Pitching was expected to be the strength from the upper levels of the farm system in 2016 for the Pirates. Sure, they had top hitting prospects like Josh Bell, Alen Hanson, Adam Frazier, and Max Moroff in Triple-A, but the pitching was expected to make the biggest impact from Indianapolis, due to the potential openings on the team.

That played out to an extent. There was no way the farm system was going to make up for the complete breakdown of the Pirates’ rotation this year, but it did produce three of the top five pitchers in Pittsburgh this year. Jameson Taillon ranked third on the team with a 1.7 fWAR, falling behind Gerrit Cole and Ivan Nova. Chad Kuhl was tied with Mark Melancon for fifth with an 0.9 fWAR, with Juan Nicasio finishing ahead of both of them, and behind Taillon.

The Pirates will hope that Taillon and Kuhl will repeat and improve upon their performances in 2017, while also hoping that guys like Tyler Glasnow, Steven Brault, and Trevor Williams step up to provide an additional boost to the MLB pitching staff. The five Indianapolis starters made up an excellent prospect rotation this year, and could help the Pirates in the majors for the next 6-7 years.

I called this group “The Next Wave” in the 2016 Prospect Guide, but what about the next “Next Wave”?

Just as pitching is the strength in the upper levels, it has also become the strength in the lower levels. The Pirates saw that happen in a big way in 2016, with the emergence of a few pitching prospects in West Virginia and Morgantown.

The biggest story in the farm system this year was Mitch Keller’s breakout. He went from a high upside pitching prospect with questions about his minor injury in 2015, and more importantly, questions about his command. He fixed that in 2016, saw his velocity increase, and in my view is now the top prospect in the system.

While Keller’s breakout led to him improving a lot of things in his game, and putting him in position to move quickly through the system, there were some other improved pitchers who are adding to the next round of prospects. Gage Hinsz saw a lot of similar improvements as Keller, with some better command, and a velocity increase that had him consistently hitting 95 MPH with his fastball. Luis Escobar has some command problems still, but saw his velocity increase in Morgantown to the low-to-mid 90s range, touching 97. Even if they didn’t have Keller, who is on a different level than these two, having Hinsz and Escobar alone in the lower levels would be promising.

This doesn’t include other rotation options like Yeudy Garcia, JT Brubaker, or new hard throwing lefty Taylor Hearn, who is working on some mechanical adjustments this off-season to help fix his command issues on his mid-to-upper 90s fastball.

Below the A-ball level, the Pirates got another boost with the 2016 draft. They went heavy on the prep pitchers, signing four guys to big bonus deals, including two over-slot pitchers after the tenth round. We covered them today in the GCL top 10, with three of the prep pitchers taking up the top three spots in the rankings.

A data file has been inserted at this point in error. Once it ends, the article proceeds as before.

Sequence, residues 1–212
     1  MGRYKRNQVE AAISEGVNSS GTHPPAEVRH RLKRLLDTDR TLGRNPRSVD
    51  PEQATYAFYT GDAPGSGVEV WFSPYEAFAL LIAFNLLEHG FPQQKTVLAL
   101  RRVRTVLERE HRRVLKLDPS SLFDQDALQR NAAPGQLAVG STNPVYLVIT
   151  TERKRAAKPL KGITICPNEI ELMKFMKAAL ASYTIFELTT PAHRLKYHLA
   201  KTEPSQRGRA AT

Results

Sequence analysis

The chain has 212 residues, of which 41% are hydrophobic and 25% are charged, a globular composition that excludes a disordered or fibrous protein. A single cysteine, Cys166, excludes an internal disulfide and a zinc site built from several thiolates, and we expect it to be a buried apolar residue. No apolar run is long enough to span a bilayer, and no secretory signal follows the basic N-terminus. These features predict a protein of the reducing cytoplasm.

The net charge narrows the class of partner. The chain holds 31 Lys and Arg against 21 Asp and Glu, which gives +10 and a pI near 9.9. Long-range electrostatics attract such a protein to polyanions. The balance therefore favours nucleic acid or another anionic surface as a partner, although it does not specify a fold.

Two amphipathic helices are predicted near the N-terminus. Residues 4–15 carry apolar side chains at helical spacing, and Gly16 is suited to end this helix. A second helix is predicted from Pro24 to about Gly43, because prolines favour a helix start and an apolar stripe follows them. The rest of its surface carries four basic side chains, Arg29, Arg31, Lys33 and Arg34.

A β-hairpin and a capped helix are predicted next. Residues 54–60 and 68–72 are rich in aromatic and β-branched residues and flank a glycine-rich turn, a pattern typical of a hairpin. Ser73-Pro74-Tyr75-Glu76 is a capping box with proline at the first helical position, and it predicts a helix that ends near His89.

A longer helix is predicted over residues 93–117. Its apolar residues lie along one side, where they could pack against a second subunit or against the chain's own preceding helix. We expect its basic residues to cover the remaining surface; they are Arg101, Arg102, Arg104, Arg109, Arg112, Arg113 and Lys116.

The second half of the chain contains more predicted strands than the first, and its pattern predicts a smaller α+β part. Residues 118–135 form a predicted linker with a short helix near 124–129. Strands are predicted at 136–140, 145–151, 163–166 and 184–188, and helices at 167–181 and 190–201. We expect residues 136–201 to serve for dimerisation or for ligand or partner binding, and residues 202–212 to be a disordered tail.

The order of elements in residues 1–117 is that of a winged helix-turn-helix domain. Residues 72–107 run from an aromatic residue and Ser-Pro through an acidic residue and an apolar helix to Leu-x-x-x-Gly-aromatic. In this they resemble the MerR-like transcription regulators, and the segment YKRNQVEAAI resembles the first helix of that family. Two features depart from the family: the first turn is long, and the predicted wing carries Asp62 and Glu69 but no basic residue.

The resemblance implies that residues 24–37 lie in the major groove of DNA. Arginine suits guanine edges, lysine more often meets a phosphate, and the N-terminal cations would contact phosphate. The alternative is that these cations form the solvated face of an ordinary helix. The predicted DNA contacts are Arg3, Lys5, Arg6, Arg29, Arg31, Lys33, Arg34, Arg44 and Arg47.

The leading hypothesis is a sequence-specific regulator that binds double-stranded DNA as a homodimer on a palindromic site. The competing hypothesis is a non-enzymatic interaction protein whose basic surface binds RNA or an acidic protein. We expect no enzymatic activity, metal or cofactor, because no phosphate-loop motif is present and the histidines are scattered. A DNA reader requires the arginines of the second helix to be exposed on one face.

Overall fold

Braeden Ogle, taken in the 4th round, looks like he has the best stuff right now, with a fastball that sits 94-96 MPH early in games, and a chance to build on his frame to allow him to sit near that level deeper into outings in the future. He’s got some command issues to work through, but has shown improvements with his slider, turning it into an out pitch, and is comfortable with the changeup. A lefty who can touch 94-96 at a young age, with the ability to throw a changeup and a slider that can get outs is a special pitcher to watch.

Max Kranick, taken in the 11th round and given an over-slot deal, was the second best pitcher on the list. However, you could easily make the argument that he should be first. He doesn’t have the stuff that Ogle has right now, but has much better command of his fastball with some good downward angle, along with the ability to throw a changeup, and an improving curveball. There’s a good chance that Kranick could develop into a better prospect than Ogle in the next few years.

Travis MacGregor falls behind those two, with a lot of his value being due to his tall, projectable frame, and comfort with the changeup, due to his fastball/changeup approach up until learning a curveball in high school. Austin Shields rounds out the group, with a lot less experience pitching than the others, which leads to him being a lot more raw. He does flash the ability to hit mid-90s, which makes him an interesting project. Then there’s the international guys from the GCL like Miguel Hernandez, Brian Sousa, and Domingo Robles.

The big appeal with the GCL pitchers is that there are so many high upside guys to follow, that it increases the chances of one of them breaking out. This is the same formula that led to Keller, Hinsz, and Escobar breaking out. It’s the same formula that led to Tyler Glasnow being a breakout prospect.

Pitching is definitely the strength of the lower levels. There are some hitting prospects, but it doesn’t match the pitching. Part of this is because the 2014 and 2016 drafts were so heavy on prep pitchers for the top bonuses, and because a lot of the success stories from the international ranks these days are with the pitchers. Part of this is also because the Pirates are more aggressive with their young hitters than they are with young pitchers. The top prep hitting prospects go to West Virginia in their first full seasons, while the pitchers go to Bristol, and arrive in West Virginia in their second or third full seasons.

But you also see more pitching talent in the lower levels because the appeal here is upside. A lot of the hitting prospects drafted the last few years have been lower risk and lower reward type guys. They have a good shot of reaching the upper levels and making the majors, but they might top out as average starters at best, with a more likely scenario being a bench role for a lot of those hitters. Meanwhile, the pitchers are riskier, and a lot of them probably won’t make it beyond A-ball. The guys who do could make it as relievers, with no guarantee of a starting rotation. But if one guy emerges as a top of the rotation starter (and Keller has the inside track right now, while also being a full lap ahead of everyone else), then the upside approach was worth it.